“How am I ever going to close that?”
— Every sales rep tasked with an inaccurate or unrealistic (or in some cases, nonexistent) sales target
This is the reality of setting unrealistic sales targets. When you do this too often, they can drain your sales team and poorly impact your business.
So let’s go over how to create better ones.
In this article, we’ll cover everything you need to know for setting sales goals that are effective (a.k.a. sales targets that actually make sense), including:
- What sales targets are and why they matter
- How to figure out what your sales targets should be (and make sure they’re realistic)
- How to achieve those sales objectives (hint: no “winging it” involved)
- How to deal with increased sales targets without burning out your team
- Analyzing your results (and sharing them with your sales organization)
- The importance of adjusting your sales goals over time
Don’t worry—setting sales targets is a lot easier than you might think.
What are sales targets (and why do they matter)?
A sales target is a goal consisting of the number of sales (and resulting revenue) a manager decides the team should hit or exceed in a specific amount of time.
In other words, how much money do you want your sales organization to generate every month (or quarter… year… etc.)?
It’s important to have defined sales targets to ensure you’re meeting the company's revenue goal, and frankly, to stay in business. It also provides direction to your sales team as they’ll know how close—or how far—they are to meeting the sales goal (instead of coming into work each day and winging it—selling as much or as little as they feel like).
Like any goal, setting a sales goal also makes it easier for you to make an action plan to achieve it. We’ll go more into this later. First, let’s talk about just how to set those sales targets.
How to figure out what your sales targets should be:
Be honest. How well have you been doing so far in the sales department?
If you read that sentence and cringed a little, don’t go in and double your sales targets thinking this will automatically double your sales. (If only it were that simple.)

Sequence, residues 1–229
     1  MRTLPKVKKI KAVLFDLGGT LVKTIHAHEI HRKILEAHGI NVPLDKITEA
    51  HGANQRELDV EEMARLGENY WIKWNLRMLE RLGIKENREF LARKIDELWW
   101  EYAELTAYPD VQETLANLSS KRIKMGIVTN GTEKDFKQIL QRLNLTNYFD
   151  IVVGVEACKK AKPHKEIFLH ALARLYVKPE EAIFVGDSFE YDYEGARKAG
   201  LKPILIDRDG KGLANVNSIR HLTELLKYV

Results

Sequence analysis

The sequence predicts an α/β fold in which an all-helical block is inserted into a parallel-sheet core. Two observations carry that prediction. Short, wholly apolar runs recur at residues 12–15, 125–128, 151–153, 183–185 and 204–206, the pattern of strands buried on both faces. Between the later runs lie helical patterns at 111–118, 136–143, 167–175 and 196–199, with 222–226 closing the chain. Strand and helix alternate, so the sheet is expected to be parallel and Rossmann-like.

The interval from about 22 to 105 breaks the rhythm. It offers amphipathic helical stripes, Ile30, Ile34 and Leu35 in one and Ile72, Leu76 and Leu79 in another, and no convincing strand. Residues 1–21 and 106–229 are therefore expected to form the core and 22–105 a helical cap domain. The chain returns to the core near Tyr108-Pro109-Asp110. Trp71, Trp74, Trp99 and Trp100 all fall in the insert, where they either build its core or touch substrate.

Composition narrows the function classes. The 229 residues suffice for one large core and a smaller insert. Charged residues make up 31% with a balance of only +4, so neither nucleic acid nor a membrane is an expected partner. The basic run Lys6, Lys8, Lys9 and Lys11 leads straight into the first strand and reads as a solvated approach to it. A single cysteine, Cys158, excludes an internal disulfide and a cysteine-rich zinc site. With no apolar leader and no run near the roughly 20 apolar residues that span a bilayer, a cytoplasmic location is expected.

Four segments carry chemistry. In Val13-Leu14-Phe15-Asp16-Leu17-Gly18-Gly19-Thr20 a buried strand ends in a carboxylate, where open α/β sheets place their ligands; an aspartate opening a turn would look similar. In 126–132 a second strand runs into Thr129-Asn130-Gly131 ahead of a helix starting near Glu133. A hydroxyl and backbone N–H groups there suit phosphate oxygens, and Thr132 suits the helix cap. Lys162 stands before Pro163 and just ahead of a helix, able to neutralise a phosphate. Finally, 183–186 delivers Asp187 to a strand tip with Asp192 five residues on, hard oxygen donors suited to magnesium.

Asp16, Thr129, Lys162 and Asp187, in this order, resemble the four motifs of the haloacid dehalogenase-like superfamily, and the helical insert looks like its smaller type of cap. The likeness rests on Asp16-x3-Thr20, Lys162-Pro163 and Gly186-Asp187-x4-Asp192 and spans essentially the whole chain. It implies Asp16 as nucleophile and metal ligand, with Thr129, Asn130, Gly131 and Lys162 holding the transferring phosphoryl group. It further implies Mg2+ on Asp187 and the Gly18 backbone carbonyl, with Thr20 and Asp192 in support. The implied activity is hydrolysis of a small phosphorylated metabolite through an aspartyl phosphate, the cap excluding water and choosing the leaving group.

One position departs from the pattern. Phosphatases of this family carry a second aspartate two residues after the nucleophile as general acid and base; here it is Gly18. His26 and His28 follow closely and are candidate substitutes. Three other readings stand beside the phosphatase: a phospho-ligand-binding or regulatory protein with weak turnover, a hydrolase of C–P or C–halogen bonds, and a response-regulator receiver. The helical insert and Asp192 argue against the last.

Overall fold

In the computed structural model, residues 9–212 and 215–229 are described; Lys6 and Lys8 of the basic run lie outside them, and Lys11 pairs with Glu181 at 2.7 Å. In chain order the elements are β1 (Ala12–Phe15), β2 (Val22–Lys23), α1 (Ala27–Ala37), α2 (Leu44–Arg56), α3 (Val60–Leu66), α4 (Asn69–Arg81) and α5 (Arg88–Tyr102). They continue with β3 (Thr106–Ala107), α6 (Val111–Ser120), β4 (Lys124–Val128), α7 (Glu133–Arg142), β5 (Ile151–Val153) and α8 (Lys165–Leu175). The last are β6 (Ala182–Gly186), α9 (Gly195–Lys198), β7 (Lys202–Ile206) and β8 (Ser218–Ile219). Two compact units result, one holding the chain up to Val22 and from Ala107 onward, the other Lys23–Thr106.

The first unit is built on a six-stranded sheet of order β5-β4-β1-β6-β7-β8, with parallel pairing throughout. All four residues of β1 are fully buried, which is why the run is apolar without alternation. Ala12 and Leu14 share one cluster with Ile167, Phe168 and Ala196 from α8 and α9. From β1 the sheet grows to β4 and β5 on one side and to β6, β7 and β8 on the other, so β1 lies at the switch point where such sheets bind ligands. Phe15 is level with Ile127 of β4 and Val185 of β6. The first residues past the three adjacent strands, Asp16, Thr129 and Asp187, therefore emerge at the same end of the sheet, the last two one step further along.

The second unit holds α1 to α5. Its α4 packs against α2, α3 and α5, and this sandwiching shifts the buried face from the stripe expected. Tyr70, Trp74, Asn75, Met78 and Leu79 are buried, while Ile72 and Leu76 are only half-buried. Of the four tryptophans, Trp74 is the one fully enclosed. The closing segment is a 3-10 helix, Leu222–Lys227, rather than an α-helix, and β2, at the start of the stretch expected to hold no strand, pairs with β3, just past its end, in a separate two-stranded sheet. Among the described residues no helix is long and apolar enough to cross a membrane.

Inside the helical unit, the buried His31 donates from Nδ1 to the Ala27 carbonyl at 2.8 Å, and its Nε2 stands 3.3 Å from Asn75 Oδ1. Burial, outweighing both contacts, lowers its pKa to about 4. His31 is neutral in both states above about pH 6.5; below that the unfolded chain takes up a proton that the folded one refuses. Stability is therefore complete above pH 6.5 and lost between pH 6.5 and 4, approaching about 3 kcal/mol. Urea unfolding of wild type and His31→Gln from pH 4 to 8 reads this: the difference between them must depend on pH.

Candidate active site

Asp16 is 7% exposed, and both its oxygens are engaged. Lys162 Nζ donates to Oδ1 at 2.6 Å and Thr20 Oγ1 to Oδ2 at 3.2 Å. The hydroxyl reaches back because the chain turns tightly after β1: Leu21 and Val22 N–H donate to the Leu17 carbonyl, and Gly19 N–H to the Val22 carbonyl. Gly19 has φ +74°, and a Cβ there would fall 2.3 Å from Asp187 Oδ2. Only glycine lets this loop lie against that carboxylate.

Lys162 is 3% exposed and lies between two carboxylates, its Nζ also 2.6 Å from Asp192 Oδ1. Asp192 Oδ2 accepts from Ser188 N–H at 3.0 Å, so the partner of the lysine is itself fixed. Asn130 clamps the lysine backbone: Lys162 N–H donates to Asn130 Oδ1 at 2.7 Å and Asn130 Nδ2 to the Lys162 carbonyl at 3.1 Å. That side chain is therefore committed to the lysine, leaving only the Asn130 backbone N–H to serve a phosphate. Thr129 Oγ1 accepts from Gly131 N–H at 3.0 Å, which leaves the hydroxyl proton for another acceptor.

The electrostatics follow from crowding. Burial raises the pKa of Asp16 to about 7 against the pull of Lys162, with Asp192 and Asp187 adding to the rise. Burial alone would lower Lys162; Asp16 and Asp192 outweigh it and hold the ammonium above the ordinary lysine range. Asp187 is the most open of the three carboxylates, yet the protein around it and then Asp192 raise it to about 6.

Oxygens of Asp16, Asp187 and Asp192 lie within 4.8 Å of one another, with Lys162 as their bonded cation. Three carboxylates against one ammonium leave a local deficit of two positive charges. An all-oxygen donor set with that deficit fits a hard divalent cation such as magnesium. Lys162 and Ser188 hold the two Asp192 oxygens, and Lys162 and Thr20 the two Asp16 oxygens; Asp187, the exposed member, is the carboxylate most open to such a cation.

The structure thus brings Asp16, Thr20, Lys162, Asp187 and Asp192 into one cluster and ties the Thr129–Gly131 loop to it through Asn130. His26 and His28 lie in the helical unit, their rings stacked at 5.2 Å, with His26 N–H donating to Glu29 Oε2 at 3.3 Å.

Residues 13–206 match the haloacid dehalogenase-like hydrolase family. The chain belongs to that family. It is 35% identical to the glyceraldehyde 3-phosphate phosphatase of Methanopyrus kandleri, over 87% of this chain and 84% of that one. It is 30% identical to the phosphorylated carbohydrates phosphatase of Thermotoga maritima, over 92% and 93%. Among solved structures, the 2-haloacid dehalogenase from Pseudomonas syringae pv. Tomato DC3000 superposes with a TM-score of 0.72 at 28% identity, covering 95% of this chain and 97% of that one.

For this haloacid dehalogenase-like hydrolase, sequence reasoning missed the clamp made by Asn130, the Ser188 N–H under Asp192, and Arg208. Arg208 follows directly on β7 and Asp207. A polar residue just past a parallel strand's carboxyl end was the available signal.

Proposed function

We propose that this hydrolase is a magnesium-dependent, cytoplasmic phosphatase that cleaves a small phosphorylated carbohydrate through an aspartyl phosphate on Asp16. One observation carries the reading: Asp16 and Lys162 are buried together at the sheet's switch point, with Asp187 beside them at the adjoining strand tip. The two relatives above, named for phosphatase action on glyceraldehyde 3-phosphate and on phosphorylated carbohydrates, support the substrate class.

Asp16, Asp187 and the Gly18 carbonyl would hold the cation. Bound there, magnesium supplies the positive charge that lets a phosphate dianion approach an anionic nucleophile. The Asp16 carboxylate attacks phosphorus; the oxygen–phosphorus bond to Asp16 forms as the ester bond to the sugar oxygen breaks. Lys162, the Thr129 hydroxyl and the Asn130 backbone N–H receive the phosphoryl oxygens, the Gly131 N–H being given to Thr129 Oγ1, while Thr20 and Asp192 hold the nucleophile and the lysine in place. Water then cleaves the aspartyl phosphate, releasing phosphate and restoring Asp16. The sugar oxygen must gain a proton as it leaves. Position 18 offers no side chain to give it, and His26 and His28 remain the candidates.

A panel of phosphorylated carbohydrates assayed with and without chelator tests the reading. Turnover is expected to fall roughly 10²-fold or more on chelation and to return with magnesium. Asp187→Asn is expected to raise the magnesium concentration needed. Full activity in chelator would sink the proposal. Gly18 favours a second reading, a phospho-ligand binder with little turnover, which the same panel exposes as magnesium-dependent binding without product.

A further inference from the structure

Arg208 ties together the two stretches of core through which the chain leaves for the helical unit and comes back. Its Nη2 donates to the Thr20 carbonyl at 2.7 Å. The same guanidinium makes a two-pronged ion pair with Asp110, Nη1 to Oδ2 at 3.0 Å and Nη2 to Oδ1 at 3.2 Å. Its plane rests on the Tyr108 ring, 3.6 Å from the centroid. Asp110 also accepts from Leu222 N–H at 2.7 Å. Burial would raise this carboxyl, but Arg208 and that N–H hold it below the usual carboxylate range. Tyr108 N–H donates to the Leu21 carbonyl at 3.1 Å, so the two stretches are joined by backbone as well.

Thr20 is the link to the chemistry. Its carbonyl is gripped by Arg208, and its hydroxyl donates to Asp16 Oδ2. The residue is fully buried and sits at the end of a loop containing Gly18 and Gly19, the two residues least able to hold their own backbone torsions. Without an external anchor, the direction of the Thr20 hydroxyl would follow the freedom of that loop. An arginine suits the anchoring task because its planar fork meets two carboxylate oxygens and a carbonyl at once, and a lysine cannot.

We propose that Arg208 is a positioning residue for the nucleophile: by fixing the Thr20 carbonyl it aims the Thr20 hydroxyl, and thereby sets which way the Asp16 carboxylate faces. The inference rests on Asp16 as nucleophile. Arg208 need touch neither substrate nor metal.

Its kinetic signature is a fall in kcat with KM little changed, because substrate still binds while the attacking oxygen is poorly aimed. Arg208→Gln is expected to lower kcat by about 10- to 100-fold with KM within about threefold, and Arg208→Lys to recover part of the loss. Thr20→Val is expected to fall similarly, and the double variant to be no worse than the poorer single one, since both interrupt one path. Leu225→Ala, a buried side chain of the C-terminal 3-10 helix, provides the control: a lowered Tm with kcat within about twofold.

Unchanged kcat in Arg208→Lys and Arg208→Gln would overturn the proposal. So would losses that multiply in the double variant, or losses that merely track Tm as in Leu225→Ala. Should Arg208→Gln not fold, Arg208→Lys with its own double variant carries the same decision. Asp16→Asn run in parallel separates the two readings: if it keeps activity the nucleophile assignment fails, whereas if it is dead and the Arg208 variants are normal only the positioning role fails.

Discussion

On the other hand, if the “cool” sunglasses emoji (😎) just appeared in your mind when we asked that question, maybe it’s time to crank your sales targets up a couple notches.
Here’s how to figure out just what your sales target should be:
Step 1: Calculate your average close rate.
Calculating your current close rate for leads is a crucial starting point to figuring out your sales target. Doing this isn’t hard, and you should have all the data needed to do so on hand already.
- First, take the number of leads you had every month for the last 12 months (or less, if you don’t have that much data available).
- Second, pinpoint how many of those leads were converted into paying customers.
For example, if your team reached out to 500 leads and made ten sales from those emails, then your close rate is 2% (10 / 500 = 2%).
If this number is low for what you need, don’t panic. On to step 2.
Step 2: Forecast what your team needs to hit.
The number your team needs to hit is the one given to you by the exec team. It’s the minimum amount of money the sales team needs to generate to meet company budget or quota.
For example, if you need 15 sales a month instead of 10, then your sales team needs to reach out to 750 leads a month instead of 500 to meet the sales target (15 / 750 = 2%).
Nice. Quantifiable goals are good.
Step 3: Then add some.
If your boss tells you that you need to make 15 sales a month to hit your budget, and you hit 15 sales, congratulations—you just achieved the bare minimum.
Okay, that was a bit harsh. But our point is, you can do better.
By adding a little bit extra to the amount of sales you need, not only will you be adding some wiggle room to your sales target (better to overperform than underperform) but execs will love that they always get more than they asked for, getting your team massive brownie points. And of course, you’ll be focused on growing your business, not remaining stagnant. It’s win-win… win.
But, there’s a fine line between ambitious and unrealistic. You don’t want to get carried away and make your sales targets unachievable either.
You may want to call a meeting with your sales team and bounce the new sales target you come up with off of them to see if they think it’s realistic. If not, adjust your goal or ask your team if there’s anything else you can do to help make this goal more attainable for them.
Setting realistic sales targets from the start is crucial to keep your team motivated and set them up for success.
Key takeaway: Setting a good sales target is about finding that perfect balance between what you need to hit and what you’d like to hit. Think: ambitious but realistic.
Once you’ve got your sales targets down, make a list of action items to achieve them.